Kids start acting 'mean' earlier than one might think
Research shows children can start acting mean in kindergarten, or even worse, before then.
The Wall Street Journal reports researchers observed children using the threat of withholding friendship as a "tactical weapon."
Laurel Klaassen, an elementary school counselor in Iowa, told the Journal: "They're already thinking at that age about being popular, being the queen of the classroom, or the queen of the playground and vying for that position."
This isn't the first time research has shown young children engage in bullying.
Education.com says, "studies conducted in different countries have demonstrated that bullying occurs at approximately the same rate in kindergarten as in elementary school."
The research used the phrase "relational aggression" to describe the type of bullying observed.
According to The Ophelia Project, a national nonprofit organization that focuses on reducing relational aggression, the term means "harming others through purposeful manipulation and damage of their peer relationships."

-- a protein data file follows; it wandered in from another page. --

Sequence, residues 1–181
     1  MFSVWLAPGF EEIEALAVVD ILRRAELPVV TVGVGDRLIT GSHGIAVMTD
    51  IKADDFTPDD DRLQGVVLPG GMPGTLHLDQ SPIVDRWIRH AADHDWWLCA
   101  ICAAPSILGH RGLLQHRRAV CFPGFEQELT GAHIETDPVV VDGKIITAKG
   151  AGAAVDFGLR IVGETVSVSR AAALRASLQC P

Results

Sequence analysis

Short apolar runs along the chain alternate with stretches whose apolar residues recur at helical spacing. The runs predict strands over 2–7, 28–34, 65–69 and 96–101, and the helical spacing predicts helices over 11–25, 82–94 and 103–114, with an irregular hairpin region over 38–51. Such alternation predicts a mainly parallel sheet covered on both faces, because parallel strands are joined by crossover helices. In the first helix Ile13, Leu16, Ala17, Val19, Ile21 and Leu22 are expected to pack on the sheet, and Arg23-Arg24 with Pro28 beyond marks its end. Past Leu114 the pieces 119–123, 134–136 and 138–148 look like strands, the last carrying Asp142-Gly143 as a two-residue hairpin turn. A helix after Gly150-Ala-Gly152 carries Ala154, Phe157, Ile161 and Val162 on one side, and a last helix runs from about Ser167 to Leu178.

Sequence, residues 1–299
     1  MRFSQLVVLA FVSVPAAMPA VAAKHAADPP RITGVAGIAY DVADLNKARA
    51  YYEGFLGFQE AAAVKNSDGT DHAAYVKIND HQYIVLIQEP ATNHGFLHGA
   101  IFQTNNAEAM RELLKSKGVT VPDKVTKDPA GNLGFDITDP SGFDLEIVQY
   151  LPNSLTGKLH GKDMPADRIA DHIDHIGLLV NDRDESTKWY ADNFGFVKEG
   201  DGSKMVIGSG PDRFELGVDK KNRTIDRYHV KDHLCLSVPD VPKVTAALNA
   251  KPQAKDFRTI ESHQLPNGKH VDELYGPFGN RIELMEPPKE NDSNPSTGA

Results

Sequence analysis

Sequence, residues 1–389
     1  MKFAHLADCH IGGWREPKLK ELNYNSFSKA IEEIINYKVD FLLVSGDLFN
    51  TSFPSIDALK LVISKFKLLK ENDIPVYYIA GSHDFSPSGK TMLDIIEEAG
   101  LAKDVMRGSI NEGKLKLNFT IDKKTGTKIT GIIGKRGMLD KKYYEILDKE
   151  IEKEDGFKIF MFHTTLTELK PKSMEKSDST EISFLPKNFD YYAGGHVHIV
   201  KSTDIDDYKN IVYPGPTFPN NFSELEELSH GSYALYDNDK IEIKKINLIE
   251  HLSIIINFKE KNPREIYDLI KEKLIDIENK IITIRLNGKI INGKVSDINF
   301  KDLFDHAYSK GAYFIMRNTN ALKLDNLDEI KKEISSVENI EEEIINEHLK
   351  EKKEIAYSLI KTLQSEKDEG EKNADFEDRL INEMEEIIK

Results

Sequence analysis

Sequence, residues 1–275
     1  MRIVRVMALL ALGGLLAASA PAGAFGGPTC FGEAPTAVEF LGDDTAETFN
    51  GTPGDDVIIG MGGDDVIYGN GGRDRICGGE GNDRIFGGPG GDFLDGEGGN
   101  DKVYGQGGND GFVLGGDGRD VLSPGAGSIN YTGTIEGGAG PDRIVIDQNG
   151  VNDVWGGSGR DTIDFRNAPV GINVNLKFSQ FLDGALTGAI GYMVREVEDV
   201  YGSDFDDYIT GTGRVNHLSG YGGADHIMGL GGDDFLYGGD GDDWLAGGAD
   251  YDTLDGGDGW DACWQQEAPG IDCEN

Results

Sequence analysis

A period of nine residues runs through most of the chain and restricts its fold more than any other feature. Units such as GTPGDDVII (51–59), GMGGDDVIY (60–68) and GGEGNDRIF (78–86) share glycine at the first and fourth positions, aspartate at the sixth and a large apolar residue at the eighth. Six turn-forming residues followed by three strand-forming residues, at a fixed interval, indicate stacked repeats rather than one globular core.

In an article published by the American Psychological Association, psychology professor Dr. Jamie Ostrov said relational aggression can occur just as frequently as physical aggression - it's just harder to detect.
Through research, he discovered some popular examples of relational aggression among 5-year-old children were "You can't play with us" and "You can't come to my birthday party."
According to The Wall Street Journal, research has found about 50 percent of children in 5th through 12th grade experience relational aggression on a monthly basis, and seven percent say they experience it on a daily or weekly basis.
Because these issues are emerging at such a young age, ABC says schools are beginning to implement programs to help teach kindness.
"Some schools are launching special programs to teach empathy, asking kids to put themselves in other kids' shoes or think about how it feels to be left out. I know in my house we have that conversation almost daily."
Although it's not clear why some children are prone to being more relationally aggressive than others, Ostrov says these behaviors can be learned by observing older siblings and parents.